The options for treating your testicular cancer depend on several factors, including the type and stage of cancer, your overall health, and your own preferences.
Operations used to treat testicular cancer include:
- Surgery to remove your testicle (radical inguinal orchiectomy) is the primary treatment for nearly all stages and types of testicular cancer. To remove your testicle, your surgeon makes an incision in your groin and extracts the entire testicle through the opening. A prosthetic, saline-filled testicle can be inserted if you choose.
- Surgery to remove nearby lymph nodes (retroperitoneal lymph node dissection) is performed through an incision in your abdomen. Your surgeon takes care to avoid damaging nerves surrounding the lymph nodes, but in some cases harm to the nerves may be unavoidable. Damaged nerves can cause difficulty with ejaculation, but won't prevent you from having an erection.
In cases of early-stage testicular cancer, surgery may be the only treatment needed.
If surgery is your only treatment for testicular cancer, your doctor will recommend a schedule of follow-up appointments. At these appointments — typically every few months for the first few years and then less frequently after that — you'll undergo blood tests, CT scans and other procedures to check for signs that your cancer has returned.
Radiation therapy uses high-powered energy beams, such as X-rays, to kill cancer cells. During radiation therapy, you're positioned on a table and a large machine moves around you, aiming the energy beams at precise points on your body.
Radiation therapy is a treatment option that's sometimes used in people who have the seminoma type of testicular cancer. Radiation therapy may be recommended after surgery to remove your testicle.
Side effects may include fatigue, as well as skin redness and irritation in your abdominal and groin areas. Radiation therapy is also likely to cause infertility. Talk to your doctor about your options for preserving your sperm before beginning radiation therapy.
Chemotherapy treatment uses drugs to kill cancer cells. Chemotherapy drugs travel throughout your body to kill cancer cells that may have migrated from the original tumor.
Chemotherapy may be your only treatment, or it may be recommended before or after lymph node removal surgery.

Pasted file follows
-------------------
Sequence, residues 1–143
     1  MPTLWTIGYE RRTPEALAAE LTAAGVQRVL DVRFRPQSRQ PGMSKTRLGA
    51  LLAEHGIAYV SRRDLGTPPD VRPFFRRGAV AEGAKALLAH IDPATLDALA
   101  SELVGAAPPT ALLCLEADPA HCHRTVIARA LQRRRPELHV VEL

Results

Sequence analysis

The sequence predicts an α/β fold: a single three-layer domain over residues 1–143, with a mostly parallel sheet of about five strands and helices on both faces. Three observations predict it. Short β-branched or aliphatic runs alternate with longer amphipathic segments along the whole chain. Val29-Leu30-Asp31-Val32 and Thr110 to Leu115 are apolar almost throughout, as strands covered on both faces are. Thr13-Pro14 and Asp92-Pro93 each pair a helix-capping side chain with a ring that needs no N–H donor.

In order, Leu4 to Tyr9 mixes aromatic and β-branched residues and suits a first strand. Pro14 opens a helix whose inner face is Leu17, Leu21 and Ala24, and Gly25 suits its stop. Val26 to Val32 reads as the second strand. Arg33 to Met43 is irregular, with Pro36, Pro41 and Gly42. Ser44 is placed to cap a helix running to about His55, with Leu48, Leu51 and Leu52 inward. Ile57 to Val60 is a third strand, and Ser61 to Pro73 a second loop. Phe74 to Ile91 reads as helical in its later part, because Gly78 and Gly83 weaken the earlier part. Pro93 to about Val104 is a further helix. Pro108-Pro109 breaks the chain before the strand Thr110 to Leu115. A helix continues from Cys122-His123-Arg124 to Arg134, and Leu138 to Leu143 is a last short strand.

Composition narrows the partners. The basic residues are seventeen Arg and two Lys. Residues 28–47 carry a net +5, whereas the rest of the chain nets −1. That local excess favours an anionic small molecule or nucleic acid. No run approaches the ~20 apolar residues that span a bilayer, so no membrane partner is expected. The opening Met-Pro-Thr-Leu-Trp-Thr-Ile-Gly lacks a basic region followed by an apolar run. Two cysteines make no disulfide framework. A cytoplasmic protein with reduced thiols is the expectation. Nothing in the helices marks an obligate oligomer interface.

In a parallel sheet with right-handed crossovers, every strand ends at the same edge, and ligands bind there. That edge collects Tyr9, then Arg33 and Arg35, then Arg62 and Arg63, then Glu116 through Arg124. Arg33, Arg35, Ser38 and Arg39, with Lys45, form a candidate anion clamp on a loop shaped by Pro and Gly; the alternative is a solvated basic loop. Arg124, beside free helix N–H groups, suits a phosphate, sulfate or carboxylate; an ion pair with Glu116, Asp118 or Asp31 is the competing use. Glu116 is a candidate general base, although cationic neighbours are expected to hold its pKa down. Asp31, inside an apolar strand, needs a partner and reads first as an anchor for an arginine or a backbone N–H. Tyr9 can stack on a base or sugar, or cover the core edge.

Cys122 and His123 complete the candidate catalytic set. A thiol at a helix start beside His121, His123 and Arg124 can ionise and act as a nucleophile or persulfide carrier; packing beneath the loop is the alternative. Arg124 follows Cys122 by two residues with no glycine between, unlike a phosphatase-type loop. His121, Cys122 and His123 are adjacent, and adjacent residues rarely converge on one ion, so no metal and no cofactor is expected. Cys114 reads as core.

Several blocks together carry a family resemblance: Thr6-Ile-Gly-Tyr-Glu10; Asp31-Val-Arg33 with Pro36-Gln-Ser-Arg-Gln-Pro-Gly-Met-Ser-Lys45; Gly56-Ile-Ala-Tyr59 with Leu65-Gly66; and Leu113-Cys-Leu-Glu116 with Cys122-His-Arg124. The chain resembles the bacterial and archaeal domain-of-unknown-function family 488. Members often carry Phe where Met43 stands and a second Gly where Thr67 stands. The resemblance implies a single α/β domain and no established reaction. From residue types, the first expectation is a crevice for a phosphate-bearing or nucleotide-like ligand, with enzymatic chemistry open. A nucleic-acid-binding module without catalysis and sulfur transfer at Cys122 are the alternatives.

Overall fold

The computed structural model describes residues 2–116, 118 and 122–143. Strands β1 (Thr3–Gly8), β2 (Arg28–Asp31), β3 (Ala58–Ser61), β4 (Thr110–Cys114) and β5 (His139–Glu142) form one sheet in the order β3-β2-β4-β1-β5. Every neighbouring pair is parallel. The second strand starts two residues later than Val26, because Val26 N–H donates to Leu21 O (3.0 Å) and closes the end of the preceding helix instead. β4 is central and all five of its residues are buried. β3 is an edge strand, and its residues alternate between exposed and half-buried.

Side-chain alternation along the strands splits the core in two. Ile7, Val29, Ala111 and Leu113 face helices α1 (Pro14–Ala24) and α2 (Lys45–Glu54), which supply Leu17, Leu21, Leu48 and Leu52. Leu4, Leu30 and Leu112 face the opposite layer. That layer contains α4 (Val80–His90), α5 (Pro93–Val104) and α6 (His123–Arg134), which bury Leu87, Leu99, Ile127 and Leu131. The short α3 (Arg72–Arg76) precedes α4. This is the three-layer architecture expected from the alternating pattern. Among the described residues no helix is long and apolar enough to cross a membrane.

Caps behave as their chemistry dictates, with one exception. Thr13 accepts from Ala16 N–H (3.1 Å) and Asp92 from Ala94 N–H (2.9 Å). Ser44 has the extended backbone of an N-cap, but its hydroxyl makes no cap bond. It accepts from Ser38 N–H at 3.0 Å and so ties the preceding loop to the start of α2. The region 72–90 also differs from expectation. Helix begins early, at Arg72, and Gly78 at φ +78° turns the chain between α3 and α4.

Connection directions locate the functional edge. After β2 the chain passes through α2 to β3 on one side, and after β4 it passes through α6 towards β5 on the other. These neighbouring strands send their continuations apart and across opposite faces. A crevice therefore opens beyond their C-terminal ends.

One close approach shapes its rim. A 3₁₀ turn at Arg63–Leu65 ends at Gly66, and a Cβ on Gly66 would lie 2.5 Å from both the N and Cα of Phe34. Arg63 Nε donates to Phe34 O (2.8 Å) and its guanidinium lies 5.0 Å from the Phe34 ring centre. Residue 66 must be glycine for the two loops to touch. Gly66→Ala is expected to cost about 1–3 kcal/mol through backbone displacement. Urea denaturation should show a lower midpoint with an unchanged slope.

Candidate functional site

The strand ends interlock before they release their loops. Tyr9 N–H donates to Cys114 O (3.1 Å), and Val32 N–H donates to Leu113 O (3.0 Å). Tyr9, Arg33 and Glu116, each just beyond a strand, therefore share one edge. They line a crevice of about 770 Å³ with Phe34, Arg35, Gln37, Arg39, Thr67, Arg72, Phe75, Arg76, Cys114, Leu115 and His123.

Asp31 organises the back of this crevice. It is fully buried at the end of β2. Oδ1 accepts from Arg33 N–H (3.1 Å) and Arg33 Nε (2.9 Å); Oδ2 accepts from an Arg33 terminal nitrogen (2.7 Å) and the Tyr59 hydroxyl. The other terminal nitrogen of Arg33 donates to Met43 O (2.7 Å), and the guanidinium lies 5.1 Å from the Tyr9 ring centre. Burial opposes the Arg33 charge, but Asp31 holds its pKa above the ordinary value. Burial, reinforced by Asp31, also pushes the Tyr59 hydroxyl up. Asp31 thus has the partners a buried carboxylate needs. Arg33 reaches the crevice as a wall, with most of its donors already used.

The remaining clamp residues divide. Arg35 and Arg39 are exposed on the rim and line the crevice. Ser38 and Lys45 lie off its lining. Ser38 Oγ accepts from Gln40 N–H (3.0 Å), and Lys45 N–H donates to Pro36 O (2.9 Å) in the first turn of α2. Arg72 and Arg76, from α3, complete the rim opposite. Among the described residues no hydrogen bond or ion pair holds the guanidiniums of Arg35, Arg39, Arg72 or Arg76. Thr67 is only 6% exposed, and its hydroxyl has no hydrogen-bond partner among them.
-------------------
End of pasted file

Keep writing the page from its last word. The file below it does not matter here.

Side effects of chemotherapy depend on the drugs being used. Ask your doctor what to expect. Common side effects include fatigue, nausea, hair loss and an increased risk of infection. There are medications and treatments available that reduce some of the side effects of chemotherapy.
Chemotherapy is also likely to cause infertility, which can be permanent. Talk to your doctor about your options for preserving your sperm before beginning chemotherapy.
Nov. 06, 2014
- Niederhuber JE, et al. Abeloff's Clinical Oncology. 5th ed. Philadelphia, Pa.: Churchill Livingstone Elsevier; 2014. http://www.clinicalkey.com. Accessed Sept. 12, 2014.
- Testicular cancer. Fort Washington, Pa.: National Comprehensive Cancer Network. http://www.nccn.org/professionals/physician_gls/f_guidelines.asp. Accessed Sept. 12, 2014.
- Wein AJ, et al. Campbell-Walsh Urology. 10th ed. Philadelphia, Pa.: Saunders Elsevier; 2012. http://www.clinicalkey.com. Accessed Sept. 12, 2014.
- Testicular self-examination (TSE). Urology Care Foundation. http://www.urologyhealth.org/urology/index.cfm?article=101. Accessed Sept. 12, 2014.
- Ilic D, et al. Screening for testicular cancer. Cochrane Database of Systematic Reviews. 2011;CD007853. http://onlinelibrary.wiley.com/doi/10.1002/14651858.CD007853.pub2/abstract. Accessed Sept. 12, 2014.
- Cook AJ. Decision Support System. Mayo Clinic, Rochester, Minn. July 7, 2014.
- Cheney SM, et al. Robot-assisted retroperitoneal lymph node dissection: Technique and initial case series of 18 patients. BJU International. http://onlinelibrary.wiley.com/doi/10.1111/bju.12804/abstract. Accessed Sept. 16, 2014.
- Boorjian SA (expert opinion). Mayo Clinic, Rochester, Minn. Sept. 29, 2014.